Fully 97% of more than 700 surveyed professionals from across the digital media industry report that their digital video ad spending is up this year, for an average increase of 27%, and respondents expect spending on digital video to be up another 20% in 2013,Â according to Digiday and Adap.tv in a November 2012 report. Interestingly, though, anticipated cuts in traditional media to fund this budget growth have not materialized as much as expected. Instead, digital video is increasingly getting its own budget line.
Across the agencies, brands, publishers, ad networks, and demand side platforms (DSPs) surveyed, the researchers found that while 34% had estimated last year that broadcast TV budgets would be cannibalized to fund digital video, only 27% say that this happened. Similarly, cable budgets were used less than anticipated (13% vs. 23%), as were print (30% vs. 36%) and outdoor (5% to 7%) budgets.
Instead, display budgets were tapped more than expected (37% vs. 33%). Also, 22% said that spending on digital video was incremental, whereas only 10% had expected that to be the case.
TV, Video Increasingly Seen Going Hand-In-Hand
More than half of respondents believe that online video should be more aligned with TV than display ads, a growth of 10% from 6 months earlier, which explains why digital video budgets more commonly came from display than from broadcast TV or cable.
In fact, more than 2 in 3 respondents to the latest survey say that video is a direct complement to TV, an opinion that is up 8% points over the April survey. Among agency respondents, 58% say they plan TV and online video ads together, and 20% expect to do so within the next 12 months. By comparison, just 6 months earlier, 48% were planning TV and online video together and 25% said they would in the following year. This suggests that those who were then expecting to plan the 2 together followed through on that commitment.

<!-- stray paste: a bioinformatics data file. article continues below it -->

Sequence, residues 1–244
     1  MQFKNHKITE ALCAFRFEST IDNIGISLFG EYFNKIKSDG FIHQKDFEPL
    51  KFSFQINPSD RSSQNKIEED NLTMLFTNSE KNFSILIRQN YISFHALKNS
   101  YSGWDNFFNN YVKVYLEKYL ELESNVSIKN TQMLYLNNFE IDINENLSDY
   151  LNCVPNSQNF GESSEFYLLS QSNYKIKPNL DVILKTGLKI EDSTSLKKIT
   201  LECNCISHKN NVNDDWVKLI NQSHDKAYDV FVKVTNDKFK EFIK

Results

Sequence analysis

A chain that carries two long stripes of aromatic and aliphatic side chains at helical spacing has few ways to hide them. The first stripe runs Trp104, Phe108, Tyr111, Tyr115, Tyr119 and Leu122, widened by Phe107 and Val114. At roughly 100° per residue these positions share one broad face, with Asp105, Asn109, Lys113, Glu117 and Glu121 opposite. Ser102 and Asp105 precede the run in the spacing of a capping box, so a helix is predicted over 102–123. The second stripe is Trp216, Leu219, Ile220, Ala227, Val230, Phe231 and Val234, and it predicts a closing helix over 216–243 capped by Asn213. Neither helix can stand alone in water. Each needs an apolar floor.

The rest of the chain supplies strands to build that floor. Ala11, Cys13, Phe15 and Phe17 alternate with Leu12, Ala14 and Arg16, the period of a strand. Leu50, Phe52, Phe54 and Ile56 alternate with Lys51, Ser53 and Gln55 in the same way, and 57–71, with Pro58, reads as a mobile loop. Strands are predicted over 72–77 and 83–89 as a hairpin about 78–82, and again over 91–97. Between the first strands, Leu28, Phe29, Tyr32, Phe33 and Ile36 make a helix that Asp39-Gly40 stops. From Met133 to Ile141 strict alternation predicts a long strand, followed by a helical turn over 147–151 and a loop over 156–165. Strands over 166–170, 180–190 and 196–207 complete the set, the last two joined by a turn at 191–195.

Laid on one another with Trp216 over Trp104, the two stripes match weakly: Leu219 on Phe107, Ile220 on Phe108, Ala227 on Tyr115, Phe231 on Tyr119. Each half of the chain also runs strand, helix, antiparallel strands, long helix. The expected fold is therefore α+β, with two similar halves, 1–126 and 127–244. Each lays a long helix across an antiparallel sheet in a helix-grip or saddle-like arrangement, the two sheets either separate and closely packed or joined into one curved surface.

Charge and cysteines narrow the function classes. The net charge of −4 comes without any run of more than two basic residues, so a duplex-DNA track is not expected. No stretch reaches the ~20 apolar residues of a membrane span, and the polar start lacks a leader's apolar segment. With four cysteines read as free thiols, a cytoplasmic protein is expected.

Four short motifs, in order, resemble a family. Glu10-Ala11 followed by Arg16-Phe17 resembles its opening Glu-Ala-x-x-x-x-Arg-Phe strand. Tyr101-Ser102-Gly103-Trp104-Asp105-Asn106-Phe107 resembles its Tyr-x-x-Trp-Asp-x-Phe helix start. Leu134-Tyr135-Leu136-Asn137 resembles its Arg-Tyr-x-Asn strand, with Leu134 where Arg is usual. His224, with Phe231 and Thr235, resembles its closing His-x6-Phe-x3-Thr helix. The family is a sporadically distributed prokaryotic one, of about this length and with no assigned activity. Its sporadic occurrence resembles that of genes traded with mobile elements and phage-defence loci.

Still, there are barriers to the coordinated planning process, as more than half of agency and trading desk respondents believe that TV and digital video planning remain too siloed at their organizations.
Asked where they buy video, advertisers show a rapid take-up of DSPs, rising to 36% usage from just 11% in 2011. Use of exchanges has also markedly grown, up from 11% to 32%. But ad networks lead the pack at 81% (up from 61% in 2011). On the decline as sources of video ad buys: Direct buys (52% vs. 78%) and TV upfronts (19% vs. 44%). Trading desks are new to the survey, and 19% of advertisers currently use them.
- The percentage of publishers using sales teams to sell video advertising has dropped from 85% to 51%.
- Correspondingly, use of ad networks has grown by 18% points to 65%, making it the leading sales mechanism for publishers.
- 68% of brand respondents said they currently use (41%) or plan to use (27%) 3rd-party tools to guarantee audiences. That figure rises to 86% combined among agencies.
- 65% of brands, 59% of agencies, and 83% of trading desks are using 1st-party data, and 71% find it effective.
About the Data: The survey was conducted in October 2012. 51% are agencies, 19% publishers, 11% brands, 11% ad networks, 6% DSPs, and 2% trading desks.